Christmas Traditions
  • Christmas Cards

Christmas Cards

Nowadays many people consider sending Christmas greetings to friends and family near and far as an essential part of the Christmas preparations. 

 Christmas Cards are the most common form of Christmas greeting but with increased use of technology it is becoming more and more common for people to send electronic greetings, e-mails and text messages, on the occasion of Christmas. Since the year 1932 the State Broadcasting Service (RÚV) has broadcast Christmas and New-Year´s greetings, which originally were mainly intended for those who for some reason had to be away from home, be they seamen at sea or people who for one reason or another were unable to be with their families at Christmas.
As the years went on the Christmas greetings broadcast by RÚV were ever increasing and this trend shows no sign of changing in our day. This can be seen by the fact that on St Thorlakur´s Day (December 23rd) RÚV Radio 1 broadcasts nothing but Christmas greetings and News. This easily leads one to the conclusion that Christmas Greetings are for a great many people an inadmissible part of the Christmas celebrations.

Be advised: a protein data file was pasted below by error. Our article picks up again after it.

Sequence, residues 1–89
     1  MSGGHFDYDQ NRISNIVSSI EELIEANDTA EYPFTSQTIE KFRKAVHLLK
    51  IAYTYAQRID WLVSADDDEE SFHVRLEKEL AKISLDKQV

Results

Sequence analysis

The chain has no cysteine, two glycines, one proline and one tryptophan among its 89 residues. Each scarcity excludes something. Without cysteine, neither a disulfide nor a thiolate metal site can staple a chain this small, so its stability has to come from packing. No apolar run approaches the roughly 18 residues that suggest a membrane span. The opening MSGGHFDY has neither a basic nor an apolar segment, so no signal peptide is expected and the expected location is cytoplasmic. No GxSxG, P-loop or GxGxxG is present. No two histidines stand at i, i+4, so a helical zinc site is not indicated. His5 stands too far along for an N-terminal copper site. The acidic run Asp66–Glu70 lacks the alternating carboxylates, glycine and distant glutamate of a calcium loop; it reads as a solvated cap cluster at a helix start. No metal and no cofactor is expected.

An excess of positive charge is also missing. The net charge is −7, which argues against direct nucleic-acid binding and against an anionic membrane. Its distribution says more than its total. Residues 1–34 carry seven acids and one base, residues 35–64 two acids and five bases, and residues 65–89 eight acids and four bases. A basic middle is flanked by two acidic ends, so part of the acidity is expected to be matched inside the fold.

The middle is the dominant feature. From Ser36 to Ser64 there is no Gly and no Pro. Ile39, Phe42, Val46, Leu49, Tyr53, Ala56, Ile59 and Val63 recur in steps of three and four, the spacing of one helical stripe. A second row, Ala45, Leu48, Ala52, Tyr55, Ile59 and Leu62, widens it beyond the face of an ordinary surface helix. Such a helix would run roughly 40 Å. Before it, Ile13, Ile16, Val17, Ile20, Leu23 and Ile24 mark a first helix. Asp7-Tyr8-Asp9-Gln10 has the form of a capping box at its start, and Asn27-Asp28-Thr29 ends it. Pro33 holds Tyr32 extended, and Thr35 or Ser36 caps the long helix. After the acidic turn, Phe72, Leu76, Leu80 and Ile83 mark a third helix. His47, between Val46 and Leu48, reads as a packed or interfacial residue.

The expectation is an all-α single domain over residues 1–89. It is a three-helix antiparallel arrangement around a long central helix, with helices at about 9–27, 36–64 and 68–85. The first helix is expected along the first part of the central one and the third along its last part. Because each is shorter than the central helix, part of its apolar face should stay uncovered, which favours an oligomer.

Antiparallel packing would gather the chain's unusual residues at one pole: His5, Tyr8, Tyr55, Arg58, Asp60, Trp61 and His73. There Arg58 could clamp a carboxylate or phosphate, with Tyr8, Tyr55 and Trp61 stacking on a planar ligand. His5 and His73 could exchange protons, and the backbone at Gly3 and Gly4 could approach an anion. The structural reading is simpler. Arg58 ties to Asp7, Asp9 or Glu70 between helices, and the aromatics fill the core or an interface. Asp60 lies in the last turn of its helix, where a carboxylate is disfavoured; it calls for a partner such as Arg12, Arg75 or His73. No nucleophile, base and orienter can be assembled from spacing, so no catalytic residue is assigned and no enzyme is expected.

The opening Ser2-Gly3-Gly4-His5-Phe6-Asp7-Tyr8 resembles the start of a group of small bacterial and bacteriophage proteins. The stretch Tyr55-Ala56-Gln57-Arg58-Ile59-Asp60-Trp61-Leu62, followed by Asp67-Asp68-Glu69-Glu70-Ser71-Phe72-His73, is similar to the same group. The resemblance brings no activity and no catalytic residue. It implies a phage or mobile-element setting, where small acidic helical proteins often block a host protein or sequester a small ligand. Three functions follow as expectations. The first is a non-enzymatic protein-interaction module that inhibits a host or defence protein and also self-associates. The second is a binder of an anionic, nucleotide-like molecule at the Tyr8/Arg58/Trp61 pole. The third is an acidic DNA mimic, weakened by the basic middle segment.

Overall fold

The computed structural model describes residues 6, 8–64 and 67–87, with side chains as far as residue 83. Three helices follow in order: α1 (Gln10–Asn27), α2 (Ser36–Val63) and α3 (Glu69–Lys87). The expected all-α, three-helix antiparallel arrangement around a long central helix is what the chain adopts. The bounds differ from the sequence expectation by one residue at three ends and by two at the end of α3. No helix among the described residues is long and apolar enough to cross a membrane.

In spite of a huge increase in Christmas greetings sent through the latest in technology traditional Christmas Cards are as popular as ever. Each December the post offices overflow with Christmas Cards and the numbers are so great that people are urged to send their cards early to be sure that they will be delivered to the recipient in time. The oldest known Christmas greeting in Iceland is to be found in a letter dated 1667, written by the bishop Brynjólfur Sveinsson, where he says: „With a wish for a merry Christmas and a prosperous new year, and every hour full of good prospects in the name of our Lord Amen.“ It was, however, not until quite a bit later that Christmas Cards as we know them today came along. The world´s first known Christmas Card was published in England in the year 1843 which was three years after the invention of the postal stamp. It was not until around 1890 that the first Christmas Cards were marketed in Iceland and their origin was mostly Danish or German, but at that time Christmas Cards had become increasingly popular both in Europe and North America. Around the turn of the 19th Century Icelandic Christmas cards started appearing and the tradition of sending Christmas cards soon caught on in Iceland, a tradition which has grown steadily since and has long ago established itself as an inadmissible part of the preparations for Christmas.